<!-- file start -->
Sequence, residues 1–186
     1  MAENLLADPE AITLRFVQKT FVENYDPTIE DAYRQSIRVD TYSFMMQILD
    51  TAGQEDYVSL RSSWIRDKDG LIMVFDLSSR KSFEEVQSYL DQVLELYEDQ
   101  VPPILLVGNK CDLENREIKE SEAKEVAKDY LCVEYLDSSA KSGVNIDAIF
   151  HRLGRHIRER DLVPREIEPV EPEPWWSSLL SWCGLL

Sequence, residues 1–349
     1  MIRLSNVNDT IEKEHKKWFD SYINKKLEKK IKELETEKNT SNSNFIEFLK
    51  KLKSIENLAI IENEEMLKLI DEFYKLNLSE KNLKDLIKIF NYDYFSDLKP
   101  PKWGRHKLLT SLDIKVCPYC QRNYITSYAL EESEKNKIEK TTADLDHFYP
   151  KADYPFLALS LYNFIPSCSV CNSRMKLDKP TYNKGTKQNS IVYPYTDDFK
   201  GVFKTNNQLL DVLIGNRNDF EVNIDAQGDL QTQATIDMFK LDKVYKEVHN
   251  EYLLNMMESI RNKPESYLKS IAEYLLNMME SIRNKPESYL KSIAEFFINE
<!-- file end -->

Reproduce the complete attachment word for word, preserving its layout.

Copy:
Sequence, residues 1–186
     1  MAENLLADPE AITLRFVQKT FVENYDPTIE DAYRQSIRVD TYSFMMQILD
    51  TAGQEDYVSL RSSWIRDKDG LIMVFDLSSR KSFEEVQSYL DQVLELYEDQ
   101  VPPILLVGNK CDLENREIKE SEAKEVAKDY LCVEYLDSSA KSGVNIDAIF
   151  HRLGRHIRER DLVPREIEPV EPEPWWSSLL SWCGLL

Sequence, residues 1–349
     1  MIRLSNVNDT IEKEHKKWFD SYINKKLEKK IKELETEKNT SNSNFIEFLK
    51  KLKSIENLAI IENEEMLKLI DEFYKLNLSE KNLKDLIKIF NYDYFSDLKP
   101  PKWGRHKLLT SLDIKVCPYC QRNYITSYAL EESEKNKIEK TTADLDHFYP
   151  KADYPFLALS LYNFIPSCSV CNSRMKLDKP TYNKGTKQNS IVYPYTDDFK
   201  GVFKTNNQLL DVLIGNRNDF EVNIDAQGDL QTQATIDMFK LDKVYKEVHN
   251  EYLLNMMESI RNKPESYLKS IAEYLLNMME SIRNKPESYL KSIAEFFINE